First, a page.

Research has been ongoing since the 1960s to determine what the proportion of in the atmosphere has been over the past fifty thousand years.
The resulting data, in the form of a calibration curve, is now used to convert a given measurement of radiocarbon in a sample into an estimate of the sample's calendar age.
Histories of archaeology often refer to its impact as the "radiocarbon revolution".
Radiocarbon dating has allowed key transitions in prehistory to be dated, such as the end of the last ice age, and the beginning of the Neolithic and Bronze Age in different regions.
By contrast, methane created from petroleum showed no radiocarbon activity because of its age.
The results were summarized in a paper in Science in 1947, in which the authors commented that their results implied it would be possible to date materials containing carbon of organic origin.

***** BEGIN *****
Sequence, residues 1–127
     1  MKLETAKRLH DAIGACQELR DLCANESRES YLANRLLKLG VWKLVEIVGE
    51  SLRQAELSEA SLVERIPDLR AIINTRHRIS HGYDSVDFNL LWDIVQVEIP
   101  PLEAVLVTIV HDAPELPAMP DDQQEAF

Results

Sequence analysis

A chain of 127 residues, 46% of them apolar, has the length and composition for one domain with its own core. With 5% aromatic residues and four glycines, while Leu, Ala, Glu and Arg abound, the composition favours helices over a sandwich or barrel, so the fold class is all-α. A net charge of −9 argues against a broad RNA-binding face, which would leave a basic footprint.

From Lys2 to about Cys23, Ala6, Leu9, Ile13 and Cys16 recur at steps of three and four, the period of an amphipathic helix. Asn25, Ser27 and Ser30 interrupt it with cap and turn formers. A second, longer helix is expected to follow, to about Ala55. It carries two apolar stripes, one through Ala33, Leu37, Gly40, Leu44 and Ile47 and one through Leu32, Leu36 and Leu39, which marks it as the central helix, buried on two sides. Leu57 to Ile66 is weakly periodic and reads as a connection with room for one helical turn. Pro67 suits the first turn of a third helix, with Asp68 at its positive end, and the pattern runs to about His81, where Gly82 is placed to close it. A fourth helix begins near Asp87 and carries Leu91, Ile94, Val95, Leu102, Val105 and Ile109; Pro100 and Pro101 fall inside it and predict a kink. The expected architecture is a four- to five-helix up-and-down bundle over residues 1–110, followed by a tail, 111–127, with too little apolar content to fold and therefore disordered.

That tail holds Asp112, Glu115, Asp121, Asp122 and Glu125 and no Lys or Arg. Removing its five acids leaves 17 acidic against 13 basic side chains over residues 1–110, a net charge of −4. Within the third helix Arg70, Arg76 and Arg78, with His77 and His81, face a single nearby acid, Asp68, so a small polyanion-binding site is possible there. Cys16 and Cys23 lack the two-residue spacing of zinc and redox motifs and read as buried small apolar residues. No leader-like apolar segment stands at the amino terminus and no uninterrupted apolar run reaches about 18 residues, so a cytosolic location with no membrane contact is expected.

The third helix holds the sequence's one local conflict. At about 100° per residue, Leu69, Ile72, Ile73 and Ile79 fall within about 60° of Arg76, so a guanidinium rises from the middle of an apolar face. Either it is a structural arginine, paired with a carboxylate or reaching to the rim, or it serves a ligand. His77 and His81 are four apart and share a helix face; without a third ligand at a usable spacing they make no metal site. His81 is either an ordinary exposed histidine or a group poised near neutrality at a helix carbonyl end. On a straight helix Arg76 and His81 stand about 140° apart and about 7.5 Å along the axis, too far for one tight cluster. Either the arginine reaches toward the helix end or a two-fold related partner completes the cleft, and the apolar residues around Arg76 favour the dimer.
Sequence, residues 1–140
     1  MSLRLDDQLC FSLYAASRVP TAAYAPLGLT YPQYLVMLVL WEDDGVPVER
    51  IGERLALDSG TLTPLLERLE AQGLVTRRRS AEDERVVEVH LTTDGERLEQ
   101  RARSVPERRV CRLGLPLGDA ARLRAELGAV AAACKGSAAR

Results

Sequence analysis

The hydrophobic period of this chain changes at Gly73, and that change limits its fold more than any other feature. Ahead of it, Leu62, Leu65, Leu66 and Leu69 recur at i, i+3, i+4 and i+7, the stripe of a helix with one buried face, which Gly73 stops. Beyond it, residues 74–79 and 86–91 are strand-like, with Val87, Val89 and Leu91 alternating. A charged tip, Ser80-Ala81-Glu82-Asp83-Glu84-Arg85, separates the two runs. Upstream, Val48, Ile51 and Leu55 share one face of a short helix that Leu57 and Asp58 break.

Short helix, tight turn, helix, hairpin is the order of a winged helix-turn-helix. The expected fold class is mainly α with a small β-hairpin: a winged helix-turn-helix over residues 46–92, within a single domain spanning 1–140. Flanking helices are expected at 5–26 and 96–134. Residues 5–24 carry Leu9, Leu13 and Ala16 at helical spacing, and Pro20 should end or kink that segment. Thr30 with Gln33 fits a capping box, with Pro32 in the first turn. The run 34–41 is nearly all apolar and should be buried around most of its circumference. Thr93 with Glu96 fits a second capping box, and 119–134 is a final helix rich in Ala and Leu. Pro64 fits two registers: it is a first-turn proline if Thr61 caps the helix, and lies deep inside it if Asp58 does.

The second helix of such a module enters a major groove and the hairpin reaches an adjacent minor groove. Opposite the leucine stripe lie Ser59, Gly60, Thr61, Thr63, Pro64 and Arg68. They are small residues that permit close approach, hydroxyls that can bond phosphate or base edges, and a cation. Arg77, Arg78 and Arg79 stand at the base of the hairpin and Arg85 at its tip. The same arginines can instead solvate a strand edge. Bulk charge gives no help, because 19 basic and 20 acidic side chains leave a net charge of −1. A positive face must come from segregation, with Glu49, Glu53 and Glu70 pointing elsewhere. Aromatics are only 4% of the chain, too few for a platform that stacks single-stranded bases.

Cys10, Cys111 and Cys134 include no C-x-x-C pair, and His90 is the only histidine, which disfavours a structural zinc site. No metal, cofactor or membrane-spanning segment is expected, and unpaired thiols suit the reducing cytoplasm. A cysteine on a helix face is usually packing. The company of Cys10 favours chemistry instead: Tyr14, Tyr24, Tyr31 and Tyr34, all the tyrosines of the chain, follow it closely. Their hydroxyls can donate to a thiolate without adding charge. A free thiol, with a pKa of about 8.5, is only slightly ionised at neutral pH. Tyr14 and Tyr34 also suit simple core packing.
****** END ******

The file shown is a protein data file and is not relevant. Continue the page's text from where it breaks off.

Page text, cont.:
Libby received the Nobel Prize in Chemistry for his work in 1960.
thus introduced takes a long time to percolate through the entire volume of the ocean.
The deepest parts of the ocean mix very slowly with the surface waters, and the mixing is uneven.
The older a sample is, the less (the period of time after which half of a given sample will have decayed) is about 5,730 years, the oldest dates that can be reliably measured by this process date to around 50,000 years ago, although special preparation methods occasionally permit accurate analysis of older samples.
The idea behind radiocarbon dating is straightforward, but years of work were required to develop the technique to the point where accurate dates could be obtained.